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Thai Vowels, Diphthongs, and Their Transcription

jump to monophthong chart
jump to diphthong chart
jump to /j/ glide ending chart
jump to /w/ glide ending chart

1. Introduction

This is one of the most important reference pages at Students studying Thai often spend a great deal of time learning the Thai consonants, while the vowels may get only a cursory look. Maybe this is because, unlike the consonants, the Thai vowels are not organized into a well-known pattern, with accompanying acrophonic objects and children's rhymes.

The vowels of the Thai language can be intimidating at first, especially when students learn that there are sixteen different vowel symbols that combine into different patterns. But many of the combinations make sense once you get the hang of it and the system can be mastered with a little dedication.

In Thai phonology, there are nine basic vowel monophthongs. Each of these is pronounced with either a short or a long duration, giving a total of eighteen simple vowel sounds. We'll present these first, and then discuss the few diphthongs that Thai uses.

But first, please note that in English the terms short and long (when speaking of vowels) sometimes refer to a certain grouping of vowel qualities (a distinction more properly referred to by the terms lax and tense), whereas in our discussion we will be using the linguistic meanings, where "long" and "short" refer to the relative length of time for which the vowel is pronounced. This feature, vowel duration, is not contrastive in English; for example, you can say, "ball" quickly or draw out the vowel, "baaaaaaall", and—while it may sound strange—the word still has the same meaning. In Thai, you must use the correct duration, or you might not be understood. For more information on this, please check the vowel duration page.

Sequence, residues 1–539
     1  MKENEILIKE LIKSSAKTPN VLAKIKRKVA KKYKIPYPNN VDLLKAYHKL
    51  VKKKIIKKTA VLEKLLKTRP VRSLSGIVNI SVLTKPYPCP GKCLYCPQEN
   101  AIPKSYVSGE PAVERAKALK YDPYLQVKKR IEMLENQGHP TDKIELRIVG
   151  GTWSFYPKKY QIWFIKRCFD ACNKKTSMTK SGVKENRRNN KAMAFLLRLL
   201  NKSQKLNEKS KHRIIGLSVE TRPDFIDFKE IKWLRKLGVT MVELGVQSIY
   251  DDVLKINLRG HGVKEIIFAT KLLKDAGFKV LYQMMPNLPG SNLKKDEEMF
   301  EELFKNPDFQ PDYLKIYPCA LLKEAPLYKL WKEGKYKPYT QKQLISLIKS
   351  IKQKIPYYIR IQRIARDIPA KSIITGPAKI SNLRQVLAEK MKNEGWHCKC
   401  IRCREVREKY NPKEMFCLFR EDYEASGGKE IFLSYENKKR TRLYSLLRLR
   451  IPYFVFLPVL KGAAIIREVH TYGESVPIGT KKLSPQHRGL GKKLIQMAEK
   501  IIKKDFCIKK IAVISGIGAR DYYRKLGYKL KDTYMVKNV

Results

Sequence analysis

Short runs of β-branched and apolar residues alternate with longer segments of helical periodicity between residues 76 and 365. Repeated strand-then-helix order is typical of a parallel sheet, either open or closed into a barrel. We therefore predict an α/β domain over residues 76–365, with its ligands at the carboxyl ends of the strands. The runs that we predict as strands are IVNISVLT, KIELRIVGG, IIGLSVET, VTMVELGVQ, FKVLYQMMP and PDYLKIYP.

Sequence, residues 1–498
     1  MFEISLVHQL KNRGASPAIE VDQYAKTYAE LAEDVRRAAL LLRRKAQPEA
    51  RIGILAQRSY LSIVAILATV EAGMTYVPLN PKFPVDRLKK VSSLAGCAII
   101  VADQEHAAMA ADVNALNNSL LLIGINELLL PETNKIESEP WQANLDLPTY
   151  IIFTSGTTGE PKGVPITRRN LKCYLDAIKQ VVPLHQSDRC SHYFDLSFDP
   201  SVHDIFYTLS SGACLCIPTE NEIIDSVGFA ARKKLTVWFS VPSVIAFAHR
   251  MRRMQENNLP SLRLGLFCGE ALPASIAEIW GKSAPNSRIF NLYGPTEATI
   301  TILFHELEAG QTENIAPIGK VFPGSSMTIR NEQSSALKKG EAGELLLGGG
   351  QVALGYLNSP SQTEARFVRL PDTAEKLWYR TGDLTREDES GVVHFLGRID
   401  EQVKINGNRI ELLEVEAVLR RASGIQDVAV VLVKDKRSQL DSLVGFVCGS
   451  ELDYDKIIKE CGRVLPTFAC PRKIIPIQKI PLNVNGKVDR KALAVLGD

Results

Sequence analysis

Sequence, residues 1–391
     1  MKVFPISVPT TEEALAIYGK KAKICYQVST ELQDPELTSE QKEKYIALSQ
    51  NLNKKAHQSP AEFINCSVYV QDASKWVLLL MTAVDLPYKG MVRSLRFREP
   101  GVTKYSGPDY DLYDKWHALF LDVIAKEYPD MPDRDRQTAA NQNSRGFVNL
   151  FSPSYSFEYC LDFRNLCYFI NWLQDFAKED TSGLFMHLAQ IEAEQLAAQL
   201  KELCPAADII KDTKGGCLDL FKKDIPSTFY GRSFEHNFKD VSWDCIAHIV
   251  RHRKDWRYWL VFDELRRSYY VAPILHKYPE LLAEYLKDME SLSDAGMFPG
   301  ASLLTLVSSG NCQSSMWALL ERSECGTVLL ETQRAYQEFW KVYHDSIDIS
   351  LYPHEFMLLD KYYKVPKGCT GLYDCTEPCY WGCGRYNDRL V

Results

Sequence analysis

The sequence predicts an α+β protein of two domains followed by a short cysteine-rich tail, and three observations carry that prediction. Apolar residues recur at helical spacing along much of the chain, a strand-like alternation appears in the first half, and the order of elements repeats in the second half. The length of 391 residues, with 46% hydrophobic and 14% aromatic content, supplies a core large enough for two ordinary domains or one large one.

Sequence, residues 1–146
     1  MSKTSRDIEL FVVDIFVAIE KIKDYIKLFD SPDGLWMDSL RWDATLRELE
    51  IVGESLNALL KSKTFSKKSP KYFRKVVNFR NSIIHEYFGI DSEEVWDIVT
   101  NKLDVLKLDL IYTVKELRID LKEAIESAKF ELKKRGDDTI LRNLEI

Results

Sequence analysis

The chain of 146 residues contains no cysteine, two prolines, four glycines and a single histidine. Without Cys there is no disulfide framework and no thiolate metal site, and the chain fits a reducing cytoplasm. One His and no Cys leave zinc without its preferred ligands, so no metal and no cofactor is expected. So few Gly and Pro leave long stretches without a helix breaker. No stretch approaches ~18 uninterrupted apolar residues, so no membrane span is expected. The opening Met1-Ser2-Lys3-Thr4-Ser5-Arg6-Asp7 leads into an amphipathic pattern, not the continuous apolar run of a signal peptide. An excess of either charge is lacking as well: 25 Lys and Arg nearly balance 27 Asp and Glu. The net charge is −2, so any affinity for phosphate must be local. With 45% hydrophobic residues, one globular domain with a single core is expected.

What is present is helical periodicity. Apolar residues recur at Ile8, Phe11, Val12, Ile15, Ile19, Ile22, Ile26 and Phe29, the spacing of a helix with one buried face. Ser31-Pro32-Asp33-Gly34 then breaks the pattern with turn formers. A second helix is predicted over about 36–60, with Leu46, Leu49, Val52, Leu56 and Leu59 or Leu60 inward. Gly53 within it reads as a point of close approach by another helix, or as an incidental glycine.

In addition to having long and short forms, each basic vowel sound can appear in an open or closed syllable. This means simply whether the vowel finishes (i.e. completes) the sound (open) or there is a final consonant tacked on (closed).

2. Monophthongs

Now we can proceed to the table of basic vowel sounds. Each of the nine basic sounds is shown for all four possible combinations: short-closed, short-open, long-closed, and long-open. The second line of each sound shows an example Thai word for each case.
Short/Long, Closed/Open forms of the Nine Basic Monophthongs of Thai
closed open closed open
1 a อั-
-a- -ะ
or [unwritten]
-a -า--aa- -า-aa
bpraL chaaM
naH khaawnM
บาด baatL บ้า baaF
2 ɛ แอ็-
-ae- แ-ะ-ae แ---aae-  (9.) แ--aae
แข็ง khaengR แกะ gaeL แดง daaengM แปล bplaaeM
3 ɔ อ็อ--aw-
[rarely used]
-aw -อ--aaw- -อ-aaw
ผล็อง phlawngR เกาะ 
นอน naawnM พ่อ phaawF
4 e เอ็-
-e- เ-ะ-eh เ---aeh-  (10.) เ--aeh  (10.)
เตะ dtehL เพลง phlaehngM เทวี thaehM weeM
5 ɤ เอิ--er-
[usually long]
เ-อะ-uh เอิ--eer- เ-อ  (5.) -uuhr
เงิน ngernM เยอะ yuhH เดิน deernM เผลอ phluuhrR
6 o [unwritten] -oh- โ-ะ-o โ---o:h- โ--o:h
ตก dtohkL โต๊ะ dtoH โชค cho:hkF โมโห mo:hM ho:hR
7 i อิ--i- อิ

-ee (11.)
อี--ee- อี-ee
คิด khitH มิถุน 
miH thoonR
hiL maH
อีก eekL จี้ jeeF
8 ɯ อึ--eu- อึ-eu อื--euu- อือ-euu
ลึก leukH รึreu H กลืน gleuunM ชื่อ cheuuF
9 u อุ--oo- อุ-oo อู--uu- อู-uu
คุก khookH จุฬา jooL laaM ลูก luukF ปู bpuuM

3. Diphthongs

Next we have diphthongs, which are vowels that are pronounced as a glide between two monophthongs. In Thai, the second vowel of a diphthong is always -ะ /a/. There are three diphthongs in Thai (Tingsabadh and Abramson 1993, Iwasaki 2005). If you see that some other books list many more diphthongs, then they are probably counting the live consonant endings /y/ and /w/ as diphthongs (or triphthongs). Here, we opt for the simpler analysis and then list the glide endings /y/ and /w/ separately below. This approach is simpler because the nine vowels and three diphthongs listed in these two tables form the complete set of vowel phonemes in Thai.
Diphthongs of Thai
closed open closed open
10 ia เอียะ -ia เอีย--iia- เอีย-iia
bpawL bpiaH
bpaawM bpiaH
เตียง dtiiangM เมีย miiaM
11 ɯa เอือะ-eua เอือ--euua- เอือ-euua
  เอือะ euaL เรื่อง reuuangF เรือ reuuaM
12 ua อัวะ  [rare]
-ว  [rare]
-ua -ว--uaa- อัว-uaa
นวด nuaatF ตัว dtuaaM

As mentioned above, we have now listed all of the vowel phonemes of Thai; all of the sounds below this point are variations on the vowel phonemes listed above. Another objective of this page, however, is to present a complete reference on the ways in which the vowels of Thai are written in Thai. For this, we need to continue on with a study of the glide endings and two special vowel symbols, because there are some special vowel symbols that haven't appeared yet, and because there are some unexpected ways of combining vowel graphemes.